Another recognized but less known receptor for tPA is annexin A2, a member of the calcium-regulated phospholipid-binding protein which is widely expressed in various types of cells and tissues [35]. Annexin A2 was first discovered as a tPA receptor in the microglia of the central nervous system (CNS) [36]. Structurally, annexin A2 is a 36 kDa protein containing three regions: the core region, the C terminal, and the N terminal (Figure 2). The unique structure of annexin A2 allows it to dock onto cell membranes in a peripheral and reversible manner [37]. There are four highly α-helical annexin repeats within the core domain in the C terminus of annexin A2. These α-helical annexin repeats mediate the binding of annexin A2 to the cell membrane [37]. tPA has been shown to bind to the hexapeptide LCKLSL (residues 7–12) in the N terminus of annexin A2 [38]. However, unlike LRP-1, annexin A2, as a membrane-associated protein, lacks the transmembrane domain and can only dock onto the cell surface [37][39]. Therefore, it is presumable that annexin A2 requires additional co-receptors for its intracellular signal relay [37]. The previous work has shown that integrin CD11b is one of these co-receptors, which mediates the relay of these signals triggered by the binding of tPA to annexin A2 [16]. Past studies have demonstrated the binding of tPA to annexin A2 on the surface of various cells, including macrophages, endothelial cells, and some cancer cells [16][40][41][42]. Binding of tPA to annexin A2 has been shown to play an important role in modulating ECM homeostasis, promoting cell migration, and activating microglia [36][42][43].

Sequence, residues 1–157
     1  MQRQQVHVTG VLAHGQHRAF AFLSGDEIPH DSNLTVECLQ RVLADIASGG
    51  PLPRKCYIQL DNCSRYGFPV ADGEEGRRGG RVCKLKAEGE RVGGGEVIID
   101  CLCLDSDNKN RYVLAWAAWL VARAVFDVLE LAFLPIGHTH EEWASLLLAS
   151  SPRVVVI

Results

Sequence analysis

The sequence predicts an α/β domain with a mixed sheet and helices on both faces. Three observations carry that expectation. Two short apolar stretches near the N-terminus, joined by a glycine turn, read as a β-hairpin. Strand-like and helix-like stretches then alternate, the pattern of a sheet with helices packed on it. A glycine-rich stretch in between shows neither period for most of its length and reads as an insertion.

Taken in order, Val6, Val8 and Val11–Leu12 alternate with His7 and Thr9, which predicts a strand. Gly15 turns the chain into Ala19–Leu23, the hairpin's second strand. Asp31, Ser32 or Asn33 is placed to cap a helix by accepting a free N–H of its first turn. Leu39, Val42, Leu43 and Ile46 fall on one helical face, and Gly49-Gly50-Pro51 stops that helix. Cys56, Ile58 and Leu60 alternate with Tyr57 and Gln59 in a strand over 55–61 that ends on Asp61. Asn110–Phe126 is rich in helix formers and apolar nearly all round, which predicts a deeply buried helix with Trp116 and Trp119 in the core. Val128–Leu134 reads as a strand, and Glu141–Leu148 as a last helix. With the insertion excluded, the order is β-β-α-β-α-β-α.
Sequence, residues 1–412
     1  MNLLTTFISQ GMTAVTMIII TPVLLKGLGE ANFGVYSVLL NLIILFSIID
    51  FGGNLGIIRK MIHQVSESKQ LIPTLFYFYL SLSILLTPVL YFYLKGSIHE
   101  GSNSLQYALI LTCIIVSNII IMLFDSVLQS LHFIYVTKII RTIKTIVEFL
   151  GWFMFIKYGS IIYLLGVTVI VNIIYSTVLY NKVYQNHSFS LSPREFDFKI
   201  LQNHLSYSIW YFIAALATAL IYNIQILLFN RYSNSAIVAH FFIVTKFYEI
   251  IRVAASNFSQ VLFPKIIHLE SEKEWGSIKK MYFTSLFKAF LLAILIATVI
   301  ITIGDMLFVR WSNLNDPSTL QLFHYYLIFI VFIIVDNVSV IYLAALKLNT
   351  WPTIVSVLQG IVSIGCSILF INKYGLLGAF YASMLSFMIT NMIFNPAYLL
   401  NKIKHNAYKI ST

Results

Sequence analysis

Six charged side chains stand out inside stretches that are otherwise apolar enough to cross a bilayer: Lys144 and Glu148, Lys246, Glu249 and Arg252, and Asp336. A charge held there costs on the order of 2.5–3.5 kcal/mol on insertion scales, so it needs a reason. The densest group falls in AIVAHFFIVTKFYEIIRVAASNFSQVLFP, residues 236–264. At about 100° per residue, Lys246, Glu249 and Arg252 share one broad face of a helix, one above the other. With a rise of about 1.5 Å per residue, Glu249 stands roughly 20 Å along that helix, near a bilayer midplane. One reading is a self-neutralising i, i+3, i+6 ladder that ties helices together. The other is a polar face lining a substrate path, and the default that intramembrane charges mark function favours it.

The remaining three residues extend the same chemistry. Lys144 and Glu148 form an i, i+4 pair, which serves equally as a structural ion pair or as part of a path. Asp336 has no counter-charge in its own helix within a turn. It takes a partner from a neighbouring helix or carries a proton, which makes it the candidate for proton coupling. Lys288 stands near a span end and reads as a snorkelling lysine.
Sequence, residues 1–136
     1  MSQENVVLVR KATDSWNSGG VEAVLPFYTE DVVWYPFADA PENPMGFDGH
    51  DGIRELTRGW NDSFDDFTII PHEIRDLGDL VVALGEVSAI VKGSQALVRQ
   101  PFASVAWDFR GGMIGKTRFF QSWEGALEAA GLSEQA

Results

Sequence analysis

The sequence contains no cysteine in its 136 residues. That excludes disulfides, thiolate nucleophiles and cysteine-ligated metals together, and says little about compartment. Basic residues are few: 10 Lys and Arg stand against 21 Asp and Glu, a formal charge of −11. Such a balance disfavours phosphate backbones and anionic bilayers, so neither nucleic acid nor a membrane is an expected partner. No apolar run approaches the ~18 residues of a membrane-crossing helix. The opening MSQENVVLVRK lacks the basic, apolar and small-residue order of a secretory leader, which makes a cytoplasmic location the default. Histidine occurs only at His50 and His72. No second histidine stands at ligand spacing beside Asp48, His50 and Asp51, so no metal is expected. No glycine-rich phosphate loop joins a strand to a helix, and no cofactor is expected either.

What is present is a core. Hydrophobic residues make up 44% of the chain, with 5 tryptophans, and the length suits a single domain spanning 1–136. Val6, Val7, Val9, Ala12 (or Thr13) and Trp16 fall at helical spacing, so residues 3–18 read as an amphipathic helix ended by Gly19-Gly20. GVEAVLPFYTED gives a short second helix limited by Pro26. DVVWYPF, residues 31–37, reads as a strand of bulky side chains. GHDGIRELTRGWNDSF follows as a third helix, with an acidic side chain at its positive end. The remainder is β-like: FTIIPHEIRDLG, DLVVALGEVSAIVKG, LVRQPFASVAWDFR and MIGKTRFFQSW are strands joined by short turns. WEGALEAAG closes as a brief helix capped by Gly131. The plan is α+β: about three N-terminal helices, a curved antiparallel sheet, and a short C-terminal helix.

Figure 2. Structure of annexin A2. Annexin A2 has no transmembrane domain and docks onto the cell surface through its four highly α-helical annexin repeats in the C terminus. tPA binds to the hexapeptide LCKLSL in the N terminus.

5. tPA and NF-kB Signaling in Renal Inflammation